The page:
Everybody loves video, not least because it can express potentially complex ideas with simplicity and brevity. Every bank should be examining how it can make the most of video, which is the most effective type of content: it encourages existing and potential customers to spend an average 88% more time on your site than they would otherwise. While there’s a place for text, video is perfect for creating the emotional triggers that make digital marketing so effective.

  1. Customize and Personalize

Digital marketing is wasted if it’s not personalised. Customer expect bespoke communications and products – and advanced data analytics can provide them in real-time. Analytics, responsive technologies, customer insights and other data-driven marketing tools enable you to follow customers through their journey, ensuring you can deliver the most highly-personalised communications and services.

  1. From Millennials to Gen Z

It’s no longer all about the Millennials: Generation Z is on the cusp of becoming valuable consumers. They’re getting ready to graduate college, enter the workforce, buy their first new cars, and – soon – get married, purchase their first homes, welcome their first babies, and celebrate other major life milestones.

Ignore Generation Z at your peril. They are already researching where to open their first “adult” bank accounts. Grab them early and form an emotional attachment, and you’ll have a better chance of keeping them throughout their later, more lucrative life stages, like when they need loans or mortgages.

The lesson is clear: the journey to effective, engaging digital marketing starts with customer insight. Get a handle on your data today, and start building an emotional connection with your customers – present and future.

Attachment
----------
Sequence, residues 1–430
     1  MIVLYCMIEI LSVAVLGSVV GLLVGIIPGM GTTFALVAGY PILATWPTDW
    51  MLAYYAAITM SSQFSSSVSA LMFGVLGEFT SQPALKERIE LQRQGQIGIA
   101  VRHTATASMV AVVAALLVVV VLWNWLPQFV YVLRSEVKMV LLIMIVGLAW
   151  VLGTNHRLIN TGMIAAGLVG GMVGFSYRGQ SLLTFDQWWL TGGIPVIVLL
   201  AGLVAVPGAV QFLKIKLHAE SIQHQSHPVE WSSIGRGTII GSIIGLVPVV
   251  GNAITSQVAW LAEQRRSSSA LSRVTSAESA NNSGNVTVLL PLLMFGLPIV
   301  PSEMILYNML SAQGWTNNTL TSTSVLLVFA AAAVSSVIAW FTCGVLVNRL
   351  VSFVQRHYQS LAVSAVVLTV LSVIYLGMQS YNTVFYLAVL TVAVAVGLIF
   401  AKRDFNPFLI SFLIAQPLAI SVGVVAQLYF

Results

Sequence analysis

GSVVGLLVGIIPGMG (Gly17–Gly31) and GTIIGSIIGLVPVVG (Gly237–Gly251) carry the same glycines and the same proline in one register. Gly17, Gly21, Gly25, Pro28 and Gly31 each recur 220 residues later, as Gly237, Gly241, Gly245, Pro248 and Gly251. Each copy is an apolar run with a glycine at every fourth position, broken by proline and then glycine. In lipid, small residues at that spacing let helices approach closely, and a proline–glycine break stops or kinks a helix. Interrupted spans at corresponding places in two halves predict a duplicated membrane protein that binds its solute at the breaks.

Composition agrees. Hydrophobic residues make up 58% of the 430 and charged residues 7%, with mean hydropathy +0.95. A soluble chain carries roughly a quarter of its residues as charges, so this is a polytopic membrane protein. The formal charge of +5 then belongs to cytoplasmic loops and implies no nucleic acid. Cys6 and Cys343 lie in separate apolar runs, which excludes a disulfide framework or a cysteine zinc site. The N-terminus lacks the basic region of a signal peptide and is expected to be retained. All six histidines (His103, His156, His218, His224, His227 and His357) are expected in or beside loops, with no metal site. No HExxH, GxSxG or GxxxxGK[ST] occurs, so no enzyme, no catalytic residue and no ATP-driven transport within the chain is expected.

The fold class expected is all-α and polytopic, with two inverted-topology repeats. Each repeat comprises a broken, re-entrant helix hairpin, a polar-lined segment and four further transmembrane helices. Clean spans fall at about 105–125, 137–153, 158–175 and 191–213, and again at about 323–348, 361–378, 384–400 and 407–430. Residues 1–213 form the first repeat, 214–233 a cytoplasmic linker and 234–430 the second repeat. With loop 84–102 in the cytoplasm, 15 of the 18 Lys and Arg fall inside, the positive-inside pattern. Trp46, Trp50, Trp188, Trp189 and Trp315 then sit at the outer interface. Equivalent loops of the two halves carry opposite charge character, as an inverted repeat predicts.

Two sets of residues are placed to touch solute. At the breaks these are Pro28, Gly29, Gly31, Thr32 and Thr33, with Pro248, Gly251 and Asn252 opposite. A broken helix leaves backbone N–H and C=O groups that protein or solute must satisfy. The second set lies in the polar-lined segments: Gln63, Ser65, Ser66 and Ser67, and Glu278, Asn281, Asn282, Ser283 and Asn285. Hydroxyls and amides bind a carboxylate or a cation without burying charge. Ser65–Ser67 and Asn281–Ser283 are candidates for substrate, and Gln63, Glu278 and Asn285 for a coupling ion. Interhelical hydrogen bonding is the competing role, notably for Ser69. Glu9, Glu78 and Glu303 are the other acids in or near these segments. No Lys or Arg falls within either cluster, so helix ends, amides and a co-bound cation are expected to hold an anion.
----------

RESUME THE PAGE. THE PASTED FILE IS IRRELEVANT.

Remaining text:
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Banking

HOW IDENTITY IS SECURELY UNLOCKING THE SME BANKING MARKET

By Mike Kiser, senior identity strategist at SailPoint

 

Have an identification card in your wallet? With a selfie and a few short minutes, you could have access to a business bank account.

Small and medium enterprises (SMEs) have long been the fuel that drives the global economy, representing around 90% of businesses and more than 50% of employment worldwide. Over the last few years, a range of financial services and platforms have arisen over the last few years to support the banking needs of these organisations. They are often digital natives and are innovating to meet the needs of their clientele.

This innovation provides great ease-of-use and rapid access to credit but also demands a careful consideration of their assumed security approach. The aforementioned scanning of an identity and a quick photo to establish a bank account demonstrates the rising importance of identity in both the consumer and enterprise arenas.

The blurring of the lines between personal and corporate identities (in this case, an individual acting on behalf of a small business) is still in its infancy. Combined with the ubiquity of mobile devices, individuals will tire of maintaining different accounts, different personas, different lives for each activity. Usability will demand that identity be reusable, portable, and secure.

This has massive implications for enterprises and the financial institutions that serve them if they seek to prevent cyber-attacks; thankfully, the same element that presents the security challenge also offers the solution: identity.

 

A New Vantagepoint 

Just as individuals desire a single identity to unify their interaction with disparate parts of the world, organisations can use identity to grant them a single, holistic view of an individual (attributes, access, and behaviour) rather than seeing only a fragment at a time. This is particularly important for these new financial institutions—much of their technology stack is cloud-based, which often leads to splintered security approaches. An identity-based approach must be cloud-aware, and able to distil these complex environments into simple and easily governed infrastructure.